The drought is forcing South Coast and Southern Highlands farmers are to sacrifice profits to pay for livestock feed.

In some cases, the cost of feed grain and transportation have increased by 40 per cent since 2017, the added expense proving to be unsustainable for some local farmers.

Highland Organic’s Dairy Farm owner Melanie Smillie said her business has not made a profit in two seasons.

“There’s been some abnormally high fodder prices and below average rainfall,” Ms Smillie said.

“So there’s less feed grown on the farm and a high reliance on brought in feed…just about every farm has been impacted in one way or another due to the drought.”

Gerroa dairy farmer Mel Bailey said coastal farms have also been hit hard by the demand for feed.

“We usually get extra rain, but (it hasn’t come), and so our grass hasn’t grown and we’ve had to resort to feeding our cows silage,” Ms Bailey said.

“We have used up what we have saved for our winter crop.

“It’s been so hard to get hay and unfortunately the price has gone up, everything has become quite expensive, because a lot of hay has to come from Victoria and South Australia.”

Prime Minister Scott Morrison announced a $5 billion future drought fund for NSW, and said $100 million would be available for farmers by 2020.

However, local farmers claim the government should turn its attention to Australian stock-feed companies.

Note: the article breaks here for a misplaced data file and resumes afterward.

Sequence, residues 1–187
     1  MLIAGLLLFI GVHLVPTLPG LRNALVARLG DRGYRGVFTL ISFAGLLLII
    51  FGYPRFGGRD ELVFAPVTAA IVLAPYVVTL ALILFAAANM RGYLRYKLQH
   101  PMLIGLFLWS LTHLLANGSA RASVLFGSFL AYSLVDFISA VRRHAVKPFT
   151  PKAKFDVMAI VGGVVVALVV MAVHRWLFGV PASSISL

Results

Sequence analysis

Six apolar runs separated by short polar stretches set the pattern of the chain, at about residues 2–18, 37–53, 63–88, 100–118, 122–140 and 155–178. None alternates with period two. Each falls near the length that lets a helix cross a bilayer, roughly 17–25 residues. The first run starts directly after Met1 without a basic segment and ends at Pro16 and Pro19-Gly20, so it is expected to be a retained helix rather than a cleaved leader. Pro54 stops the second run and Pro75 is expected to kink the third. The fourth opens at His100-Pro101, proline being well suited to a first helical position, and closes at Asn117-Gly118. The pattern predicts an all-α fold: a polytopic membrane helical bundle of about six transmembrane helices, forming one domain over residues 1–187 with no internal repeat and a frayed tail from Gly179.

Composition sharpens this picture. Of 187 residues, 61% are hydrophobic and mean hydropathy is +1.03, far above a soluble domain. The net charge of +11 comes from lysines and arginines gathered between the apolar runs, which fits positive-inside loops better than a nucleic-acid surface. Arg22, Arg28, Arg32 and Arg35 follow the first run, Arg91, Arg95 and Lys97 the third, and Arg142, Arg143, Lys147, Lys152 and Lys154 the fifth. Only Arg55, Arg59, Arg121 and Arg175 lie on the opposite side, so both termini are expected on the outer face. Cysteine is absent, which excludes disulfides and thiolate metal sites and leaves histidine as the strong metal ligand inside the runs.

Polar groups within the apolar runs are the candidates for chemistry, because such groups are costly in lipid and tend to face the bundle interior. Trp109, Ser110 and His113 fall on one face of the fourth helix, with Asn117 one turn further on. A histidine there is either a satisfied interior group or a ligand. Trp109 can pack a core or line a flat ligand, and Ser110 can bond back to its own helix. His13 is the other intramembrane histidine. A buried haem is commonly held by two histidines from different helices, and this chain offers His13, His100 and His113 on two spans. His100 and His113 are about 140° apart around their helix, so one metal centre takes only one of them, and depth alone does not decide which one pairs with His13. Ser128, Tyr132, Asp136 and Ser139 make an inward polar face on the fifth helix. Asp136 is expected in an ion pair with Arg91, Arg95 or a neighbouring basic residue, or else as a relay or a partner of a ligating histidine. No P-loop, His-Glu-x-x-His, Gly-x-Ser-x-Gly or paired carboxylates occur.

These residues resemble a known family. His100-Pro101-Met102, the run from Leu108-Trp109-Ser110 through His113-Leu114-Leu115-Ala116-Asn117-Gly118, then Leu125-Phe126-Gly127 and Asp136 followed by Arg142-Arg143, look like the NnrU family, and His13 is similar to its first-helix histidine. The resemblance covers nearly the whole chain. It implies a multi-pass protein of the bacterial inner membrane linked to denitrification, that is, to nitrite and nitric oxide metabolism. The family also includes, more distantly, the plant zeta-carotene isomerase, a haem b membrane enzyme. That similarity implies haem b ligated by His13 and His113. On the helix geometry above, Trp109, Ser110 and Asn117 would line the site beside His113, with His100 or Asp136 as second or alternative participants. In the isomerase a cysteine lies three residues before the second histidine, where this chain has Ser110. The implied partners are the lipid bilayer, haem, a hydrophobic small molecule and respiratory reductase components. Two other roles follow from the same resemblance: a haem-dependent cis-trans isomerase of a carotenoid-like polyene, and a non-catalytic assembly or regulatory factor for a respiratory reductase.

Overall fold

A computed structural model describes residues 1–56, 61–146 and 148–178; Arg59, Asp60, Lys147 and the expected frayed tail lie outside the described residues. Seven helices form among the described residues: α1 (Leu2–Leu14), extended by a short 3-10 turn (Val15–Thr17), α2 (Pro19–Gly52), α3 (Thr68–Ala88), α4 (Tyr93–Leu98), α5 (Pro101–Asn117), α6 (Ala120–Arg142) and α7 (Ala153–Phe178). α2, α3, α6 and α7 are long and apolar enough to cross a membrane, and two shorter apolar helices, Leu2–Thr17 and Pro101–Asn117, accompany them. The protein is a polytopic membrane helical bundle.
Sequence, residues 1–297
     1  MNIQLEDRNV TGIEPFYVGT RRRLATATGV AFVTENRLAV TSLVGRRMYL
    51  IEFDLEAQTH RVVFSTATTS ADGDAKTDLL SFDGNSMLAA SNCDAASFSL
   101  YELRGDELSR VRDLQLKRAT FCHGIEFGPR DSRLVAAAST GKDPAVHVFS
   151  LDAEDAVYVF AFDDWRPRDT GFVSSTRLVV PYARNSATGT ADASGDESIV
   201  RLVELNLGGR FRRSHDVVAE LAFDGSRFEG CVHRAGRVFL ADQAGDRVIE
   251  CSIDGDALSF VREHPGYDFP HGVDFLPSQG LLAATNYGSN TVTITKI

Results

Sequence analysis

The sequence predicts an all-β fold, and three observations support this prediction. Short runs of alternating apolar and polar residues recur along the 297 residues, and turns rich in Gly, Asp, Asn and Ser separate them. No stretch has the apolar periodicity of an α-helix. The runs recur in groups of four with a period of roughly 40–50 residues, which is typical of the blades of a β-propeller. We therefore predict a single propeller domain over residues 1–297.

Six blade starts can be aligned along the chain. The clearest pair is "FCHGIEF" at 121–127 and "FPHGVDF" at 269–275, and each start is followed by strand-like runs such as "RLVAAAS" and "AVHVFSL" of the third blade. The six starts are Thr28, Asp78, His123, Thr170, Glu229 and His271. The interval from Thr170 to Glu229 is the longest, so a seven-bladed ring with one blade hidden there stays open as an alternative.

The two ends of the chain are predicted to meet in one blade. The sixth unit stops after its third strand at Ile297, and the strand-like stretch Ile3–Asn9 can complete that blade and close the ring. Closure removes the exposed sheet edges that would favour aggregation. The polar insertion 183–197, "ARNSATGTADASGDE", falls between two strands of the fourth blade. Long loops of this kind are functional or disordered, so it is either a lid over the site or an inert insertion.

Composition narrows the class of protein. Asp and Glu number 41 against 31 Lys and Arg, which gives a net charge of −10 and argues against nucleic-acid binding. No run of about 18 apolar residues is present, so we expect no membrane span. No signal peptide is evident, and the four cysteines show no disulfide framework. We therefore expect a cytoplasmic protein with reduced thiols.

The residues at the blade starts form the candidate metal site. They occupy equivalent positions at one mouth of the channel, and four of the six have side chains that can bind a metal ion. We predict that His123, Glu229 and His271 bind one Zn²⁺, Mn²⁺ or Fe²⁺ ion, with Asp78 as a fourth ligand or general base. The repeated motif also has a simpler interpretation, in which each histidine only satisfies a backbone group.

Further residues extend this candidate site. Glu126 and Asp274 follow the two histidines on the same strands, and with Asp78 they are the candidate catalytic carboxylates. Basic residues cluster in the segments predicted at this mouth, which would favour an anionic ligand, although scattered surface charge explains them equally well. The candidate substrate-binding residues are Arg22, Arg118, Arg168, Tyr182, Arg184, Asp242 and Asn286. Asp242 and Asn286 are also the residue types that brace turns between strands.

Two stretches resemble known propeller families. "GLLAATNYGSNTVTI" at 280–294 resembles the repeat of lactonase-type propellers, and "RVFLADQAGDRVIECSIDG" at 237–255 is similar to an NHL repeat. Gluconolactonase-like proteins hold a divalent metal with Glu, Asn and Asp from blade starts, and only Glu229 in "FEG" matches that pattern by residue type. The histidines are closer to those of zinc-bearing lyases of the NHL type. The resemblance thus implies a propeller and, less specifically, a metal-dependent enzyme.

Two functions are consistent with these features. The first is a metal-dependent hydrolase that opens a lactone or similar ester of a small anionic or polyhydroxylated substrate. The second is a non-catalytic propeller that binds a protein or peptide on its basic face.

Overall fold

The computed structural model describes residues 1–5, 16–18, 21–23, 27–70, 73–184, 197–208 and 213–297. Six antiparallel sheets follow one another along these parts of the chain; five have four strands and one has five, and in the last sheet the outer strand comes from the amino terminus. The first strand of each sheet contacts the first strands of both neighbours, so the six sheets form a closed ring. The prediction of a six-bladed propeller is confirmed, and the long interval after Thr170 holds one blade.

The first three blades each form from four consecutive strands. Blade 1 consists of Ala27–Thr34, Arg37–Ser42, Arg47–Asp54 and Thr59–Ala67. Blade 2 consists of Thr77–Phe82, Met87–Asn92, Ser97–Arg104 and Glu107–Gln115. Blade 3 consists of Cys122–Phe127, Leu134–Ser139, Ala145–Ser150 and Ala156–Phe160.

Farmer and hay transporter Lou Smith said there is a lot of overpricing of feed, particularly for dairy farmers.

“Dairy farmers need the dry feed in bulk…but [feed prices] are now at $400 a tonne and the price of milk hasn’t gone up,” Mr Smith said.

“Hay is $8 a bale from the grower out west, but on the South Coast it costs $33.

“How do you justify that? Something’s got to be done, the government’s got to put a hand on the stock-feed (operators) to make sure they don’t rise the prices.”

As South Coast farmers struggle through the drought, some claim pasture and traditional farming methods are becoming unmaintainable.

“I believe pasture farming can exist in certain situations,” Ms Smillie said.

“But there needs to be an increase in the price of products farmers are producing and lower debt. The bigger supermarkets control too much of the market.”

While the South Coast and Southern Highlands have seen a period of rain in the past two weeks, it’s not been enough to break the dry spell.